What is a fairytale? Something with heroes and villains, something with Disney princesses and princes or something more deep and meaningful? The Clockmaker’s Daughter is what the writers Michael Webborn and Daniel Finn believe a fairytale to be. The story of a clockmaker who creates a daughter to run like clockwork. What he’s not banking on is that she has her own agency, that she can make her own decisions, and that she can therefore leave his house and live in the real world. The only problem, like any clock she needs winding to keep going. So what happens when she leaves the house? Well she meets a boy and makes lots of friends until it all goes wrong.
From walking into the theatre I knew I was in for a good show – the set said it all, full of clocks and detail designed by David Shields. Especially clever was the use of the bookshelves and table to create different scenery from bridges to wishing wells. To produce such a huge set in such a small theatre must take great talent. As well as the set designer other people behind the scenes also deserve a mention, notably the director Robert McWhir. The use of space was excellent and to coordinate such a large cast onto such a small stage takes creativity.
Onto the musical itself now and my first impression of this show was that it has great music. From the first song (The Turning of the Key) I knew the music was going to be fun and catchy (A friend of mine assures me it’s in the key of E major and he also assures me that this is the happiest key that music can be in). With hints of Irish folk and traditional fairytale magic it portrayed the fun and laughter of this musical along with the great sadness that follows. Some of the most emotional endings only come because of the great happiness earlier in the show which makes the pain all the more poignant and this musical achieves that perfectly. I am not ashamed to say I cried at the end!
The show begins at a ceremony in the town of Spindlewood – the gathering on the last night of winter to turn a key, attempting to wake a perfectly still statue of a woman. But how did she get there? The clockmaker, Abraham, sings of his grief at losing a daughter and so makes another, Constance, as she wakes and explores the world. Jennifer Harding brought this woman to life perfectly from the robotic to the romantic, from the joy to the unhappiness, the emotions were so believable.
When out and about she meets lots of people and discovers what it feels like to make people happy, making all the women beautiful dresses. But one man, Will, is perhaps the most happy of all, falling in love with Constance and Alan McHale produced a standout performance as the man fighting for the woman he loves, even if she is just clockwork.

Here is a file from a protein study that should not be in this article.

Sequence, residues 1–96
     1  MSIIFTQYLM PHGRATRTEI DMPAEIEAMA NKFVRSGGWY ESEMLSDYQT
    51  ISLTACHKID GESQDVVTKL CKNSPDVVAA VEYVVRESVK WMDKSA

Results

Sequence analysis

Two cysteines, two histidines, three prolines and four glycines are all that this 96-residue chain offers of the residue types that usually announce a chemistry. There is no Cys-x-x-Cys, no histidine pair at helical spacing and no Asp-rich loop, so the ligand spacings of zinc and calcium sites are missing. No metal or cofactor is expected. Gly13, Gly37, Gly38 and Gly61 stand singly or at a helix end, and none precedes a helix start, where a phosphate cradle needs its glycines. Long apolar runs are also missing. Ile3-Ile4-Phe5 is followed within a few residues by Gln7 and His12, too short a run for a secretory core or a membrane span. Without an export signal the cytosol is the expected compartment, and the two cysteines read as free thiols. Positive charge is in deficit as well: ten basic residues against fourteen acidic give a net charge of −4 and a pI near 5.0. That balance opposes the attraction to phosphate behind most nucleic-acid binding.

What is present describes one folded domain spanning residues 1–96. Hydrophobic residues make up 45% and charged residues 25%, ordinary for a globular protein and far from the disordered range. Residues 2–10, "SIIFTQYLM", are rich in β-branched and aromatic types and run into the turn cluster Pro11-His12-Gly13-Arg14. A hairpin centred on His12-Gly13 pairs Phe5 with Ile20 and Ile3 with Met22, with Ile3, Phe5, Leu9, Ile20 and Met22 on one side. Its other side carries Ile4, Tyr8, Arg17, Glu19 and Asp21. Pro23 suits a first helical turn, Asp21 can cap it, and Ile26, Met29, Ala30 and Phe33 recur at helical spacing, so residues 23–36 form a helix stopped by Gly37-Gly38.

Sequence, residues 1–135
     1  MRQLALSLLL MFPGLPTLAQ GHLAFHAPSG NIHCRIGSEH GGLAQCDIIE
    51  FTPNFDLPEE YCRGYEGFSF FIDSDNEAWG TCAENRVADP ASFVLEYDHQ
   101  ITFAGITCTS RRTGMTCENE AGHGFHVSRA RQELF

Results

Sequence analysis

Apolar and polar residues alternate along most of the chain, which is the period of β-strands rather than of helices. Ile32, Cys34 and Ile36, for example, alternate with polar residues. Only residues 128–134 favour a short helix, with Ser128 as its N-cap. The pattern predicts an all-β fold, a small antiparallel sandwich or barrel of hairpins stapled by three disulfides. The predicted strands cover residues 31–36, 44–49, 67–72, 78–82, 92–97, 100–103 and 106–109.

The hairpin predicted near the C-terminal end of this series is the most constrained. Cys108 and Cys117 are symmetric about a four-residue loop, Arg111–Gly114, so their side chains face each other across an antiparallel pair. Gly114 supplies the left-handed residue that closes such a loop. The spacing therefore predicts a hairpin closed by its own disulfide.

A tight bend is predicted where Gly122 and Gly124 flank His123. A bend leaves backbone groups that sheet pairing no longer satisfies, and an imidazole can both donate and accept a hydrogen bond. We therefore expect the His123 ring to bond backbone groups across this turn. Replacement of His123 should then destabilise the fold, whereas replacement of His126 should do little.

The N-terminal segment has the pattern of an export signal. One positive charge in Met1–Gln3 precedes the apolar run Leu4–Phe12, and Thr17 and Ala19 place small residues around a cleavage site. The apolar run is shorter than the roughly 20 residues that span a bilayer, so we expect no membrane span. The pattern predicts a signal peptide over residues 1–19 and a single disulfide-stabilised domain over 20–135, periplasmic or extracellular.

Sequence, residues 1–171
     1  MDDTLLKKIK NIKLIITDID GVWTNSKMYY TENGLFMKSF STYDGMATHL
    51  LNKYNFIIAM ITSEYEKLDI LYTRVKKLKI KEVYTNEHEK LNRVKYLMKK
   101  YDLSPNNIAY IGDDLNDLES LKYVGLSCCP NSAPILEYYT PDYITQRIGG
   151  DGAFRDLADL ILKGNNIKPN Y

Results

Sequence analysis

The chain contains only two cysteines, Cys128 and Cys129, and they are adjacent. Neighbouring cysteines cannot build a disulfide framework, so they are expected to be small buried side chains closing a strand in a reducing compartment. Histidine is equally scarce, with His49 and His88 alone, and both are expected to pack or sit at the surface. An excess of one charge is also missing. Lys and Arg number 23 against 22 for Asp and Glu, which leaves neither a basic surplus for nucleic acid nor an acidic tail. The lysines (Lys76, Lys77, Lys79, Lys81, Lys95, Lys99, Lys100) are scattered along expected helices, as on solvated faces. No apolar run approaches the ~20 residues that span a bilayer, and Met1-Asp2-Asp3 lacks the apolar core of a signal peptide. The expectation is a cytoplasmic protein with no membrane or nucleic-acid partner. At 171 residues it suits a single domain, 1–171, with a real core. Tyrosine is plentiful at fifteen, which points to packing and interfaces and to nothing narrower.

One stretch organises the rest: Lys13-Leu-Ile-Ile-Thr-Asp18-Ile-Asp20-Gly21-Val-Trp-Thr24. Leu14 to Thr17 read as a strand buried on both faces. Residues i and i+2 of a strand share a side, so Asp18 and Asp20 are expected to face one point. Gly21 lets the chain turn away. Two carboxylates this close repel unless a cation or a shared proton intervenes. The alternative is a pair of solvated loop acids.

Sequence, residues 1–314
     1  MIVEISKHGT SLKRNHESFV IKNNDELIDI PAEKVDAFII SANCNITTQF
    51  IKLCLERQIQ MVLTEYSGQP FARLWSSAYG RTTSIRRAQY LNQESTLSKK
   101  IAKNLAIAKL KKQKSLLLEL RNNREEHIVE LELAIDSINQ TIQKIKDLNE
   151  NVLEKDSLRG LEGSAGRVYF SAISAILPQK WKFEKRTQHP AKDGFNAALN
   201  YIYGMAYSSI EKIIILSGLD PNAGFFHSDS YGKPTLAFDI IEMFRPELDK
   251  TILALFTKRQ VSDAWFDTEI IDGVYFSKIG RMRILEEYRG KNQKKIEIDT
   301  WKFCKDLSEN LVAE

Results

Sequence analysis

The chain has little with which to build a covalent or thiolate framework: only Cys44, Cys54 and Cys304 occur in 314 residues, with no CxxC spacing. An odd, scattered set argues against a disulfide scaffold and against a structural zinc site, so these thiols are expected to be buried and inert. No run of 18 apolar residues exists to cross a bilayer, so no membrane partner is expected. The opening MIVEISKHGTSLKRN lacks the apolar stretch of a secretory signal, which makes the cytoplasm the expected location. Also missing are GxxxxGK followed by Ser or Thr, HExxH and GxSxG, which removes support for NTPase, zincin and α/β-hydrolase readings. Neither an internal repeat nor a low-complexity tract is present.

The villain of the piece is not your traditional fairytale villain. In fact, I’m not sure Ma Riley (Jo Wickham) can even be considered a proper villain. The loud, brash, Irish dress maker whose business is in decline since the appearance of Constance and who is also, deep down, afraid of losing her son to the same woman is perhaps doing what she can to protect herself, even if she goes about it in a villainous manner.
There are too many cast members to name and this is a real ensemble piece with everybody playing their part well. As a stickler for detail some small things annoyed me such as a box that had been supposedly retrieved from a well in the story, still being in the well on set, however, as my only complaints are that small it shows how brilliant the big things are. Overall, great music, great story, great set, great cast and therefore great show.
Review by Emily Diver
The Clockmaker’s Daughter
An original British faerytale by Webborn & Finn
Spindlewood is home to a Clockmaker.
A tormented genius, out of place in a town where each day mirrors the last and the people are content.
But Abraham Reed has a secret. . . something the simple folk of the town below must never discover.
Through methods hidden even to himself, the Clockmaker has created something much, much more than a machine. . .
Wednesday 27 May – Saturday 4 July